Church Planting Tips From Someone Who Is Still Learning… [ARTICLE – JJ Lusk]

I have not arrived.

In fact, I told my wife just the other night that I’m not a good husband, I’m not a good dad, I’m not good at planting churches…and here I am trying to do all three! So, before you can ask, “What does he know?” Let me go ahead and answer… Not very much. I do believe, though, that three years of trying to plant Forest Hills Baptist Church in Rockville, Maryland, has taught me a few things that others might find helpful. The following list of lessons is not exhaustive, and it is both somewhat practical and somewhat philosophical.

  1.   Be real.

I don’t think I need to expound upon this much, but don’t “fake it until you make it.” You may be a church planter or a pastor, but you are Jesus’ disciple, and, as such, you are a pupil. He’s the only one with all the answers. So, relieve yourself of some pressure, and stop trying to be that guy. Be real. Be approachable. Be yourself. Be honest with the people you are trying to reach and to lead. If there is something that you don’t know, or that you don’t understand, don’t be afraid to admit it. Don’t pretend to be what you aren’t and what they know they can never be. Be a normal man that is simply trying to follow Jesus just like them.

Paul was this way. While he may not have gone into detail about his specific struggles, he was honest about the fact that he struggled. He referred to himself as the “chief” of sinners – present tense. He acknowledged that his flesh and his spirit battled and that he often would not do the things he desired and that he would do the things he did not desire.

We don’t get to see as much of Peter as a mature believer, or get to read as much writing from him, but we get to see him quite a bit in his immaturity. What we see is that he was just a man with many issues of his own. This is good. Jesus can do a miracle with a mess. That is why we are in the ministry. Let’s not forget it or yield to the temptation of letting others think that we are something that we are not.

  1.   Do a few things, do them really well, and encourage participation.

You only have so much time. You don’t have the resources (money or people) that a larger established church has. So, if something is going to happen, the bulk of making it happen is going to be on you. The more directions you spread your time and attention, the less time and attention you can give to each one. A degradation in time equals a degradation in quality. It’s that simple. I’ll say more about this in another point, but don’t get so caught up in thinking that you have to do all the things every church you have ever known has done or does.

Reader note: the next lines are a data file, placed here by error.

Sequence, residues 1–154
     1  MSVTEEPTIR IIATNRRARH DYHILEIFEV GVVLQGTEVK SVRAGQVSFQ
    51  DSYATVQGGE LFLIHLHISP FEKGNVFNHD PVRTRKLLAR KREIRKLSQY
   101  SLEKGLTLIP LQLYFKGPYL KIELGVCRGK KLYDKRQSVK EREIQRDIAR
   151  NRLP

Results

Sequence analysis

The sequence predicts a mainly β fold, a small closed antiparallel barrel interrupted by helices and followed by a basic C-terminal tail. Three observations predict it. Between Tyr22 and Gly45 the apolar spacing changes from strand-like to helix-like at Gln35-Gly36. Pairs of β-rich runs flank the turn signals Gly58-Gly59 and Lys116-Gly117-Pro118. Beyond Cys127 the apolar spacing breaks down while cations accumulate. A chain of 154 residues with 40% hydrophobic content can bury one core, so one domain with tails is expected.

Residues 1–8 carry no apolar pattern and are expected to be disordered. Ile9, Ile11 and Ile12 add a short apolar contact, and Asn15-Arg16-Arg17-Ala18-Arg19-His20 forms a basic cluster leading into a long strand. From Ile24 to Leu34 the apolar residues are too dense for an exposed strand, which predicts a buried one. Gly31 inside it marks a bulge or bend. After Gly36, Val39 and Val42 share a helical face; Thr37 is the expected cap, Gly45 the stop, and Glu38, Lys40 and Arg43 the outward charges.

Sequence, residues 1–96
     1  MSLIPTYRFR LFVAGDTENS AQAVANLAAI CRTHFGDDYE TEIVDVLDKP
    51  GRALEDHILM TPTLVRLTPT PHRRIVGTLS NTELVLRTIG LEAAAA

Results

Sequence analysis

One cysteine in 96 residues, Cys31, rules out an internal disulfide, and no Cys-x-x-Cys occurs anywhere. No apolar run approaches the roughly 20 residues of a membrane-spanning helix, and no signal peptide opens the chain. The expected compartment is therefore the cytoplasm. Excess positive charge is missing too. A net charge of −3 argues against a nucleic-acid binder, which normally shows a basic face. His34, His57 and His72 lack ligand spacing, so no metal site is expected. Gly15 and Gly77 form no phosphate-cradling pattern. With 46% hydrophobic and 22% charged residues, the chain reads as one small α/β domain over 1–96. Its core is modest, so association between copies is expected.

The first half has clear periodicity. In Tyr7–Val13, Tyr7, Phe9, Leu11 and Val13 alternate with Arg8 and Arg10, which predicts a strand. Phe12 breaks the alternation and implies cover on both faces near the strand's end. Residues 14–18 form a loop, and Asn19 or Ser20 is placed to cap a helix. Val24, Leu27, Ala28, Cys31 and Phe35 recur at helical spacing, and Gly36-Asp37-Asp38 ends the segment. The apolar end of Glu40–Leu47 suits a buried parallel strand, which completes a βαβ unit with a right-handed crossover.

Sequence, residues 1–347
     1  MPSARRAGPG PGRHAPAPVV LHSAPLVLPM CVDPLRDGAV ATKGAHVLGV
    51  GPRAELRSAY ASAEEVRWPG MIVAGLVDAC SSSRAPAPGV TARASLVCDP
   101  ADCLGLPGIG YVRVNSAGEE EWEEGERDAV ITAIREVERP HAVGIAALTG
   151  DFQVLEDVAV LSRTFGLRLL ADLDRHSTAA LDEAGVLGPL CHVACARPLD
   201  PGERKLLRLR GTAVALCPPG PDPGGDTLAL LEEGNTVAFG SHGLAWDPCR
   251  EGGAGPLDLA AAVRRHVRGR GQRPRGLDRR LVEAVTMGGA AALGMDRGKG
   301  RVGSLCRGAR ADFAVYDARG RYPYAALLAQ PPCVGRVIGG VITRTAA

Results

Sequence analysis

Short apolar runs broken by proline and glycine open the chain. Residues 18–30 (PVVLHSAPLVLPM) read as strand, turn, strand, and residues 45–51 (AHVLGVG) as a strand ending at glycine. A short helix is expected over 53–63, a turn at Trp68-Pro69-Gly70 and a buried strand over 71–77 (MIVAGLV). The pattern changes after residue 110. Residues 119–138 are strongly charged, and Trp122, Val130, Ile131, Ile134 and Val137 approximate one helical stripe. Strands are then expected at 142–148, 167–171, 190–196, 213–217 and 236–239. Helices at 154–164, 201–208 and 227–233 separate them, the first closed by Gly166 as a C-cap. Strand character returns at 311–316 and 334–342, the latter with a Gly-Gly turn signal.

It seems to me that the first-century churches were far more focused in their purpose and efforts than churches of our day tend to be. They weren’t less busy, nor were they doing less. I think they did more, and the individual members devoted more of their time to the work. They were just focused on doing fewer things. In our church, we do fewer things than most churches, but our participation rate is high. Our lowest percentage of participation in anything church-sanctioned is 80%. We do fewer things, but unapologetically expect and communicate the expectation that everyone needs to participate in everything.  

  1.   Determine to be more loyal to Christ and truth than you are to any man or ministry.

You are answerable to your sending church and pastor. That’s a fact. Trust God and accept that. I think this is one of the more clearly observable truths evident in Paul’s ministry. He was sent by the church at Antioch. I think it is very telling that the Spirit of God came to the church and told the church it was time to send Barnabas and Saul instead of going to them directly. God communicated with them directly in calling them, but communicated with the Antioch church when it came time to separate and to send them. Paul always went out of Antioch, and he always returned to Antioch. That was his church as long as he was a church planter. I am trying to be clear regarding the relationship between a church planter and his sending church because I don’t want anyone to misunderstand this third point or what I am going to say about it.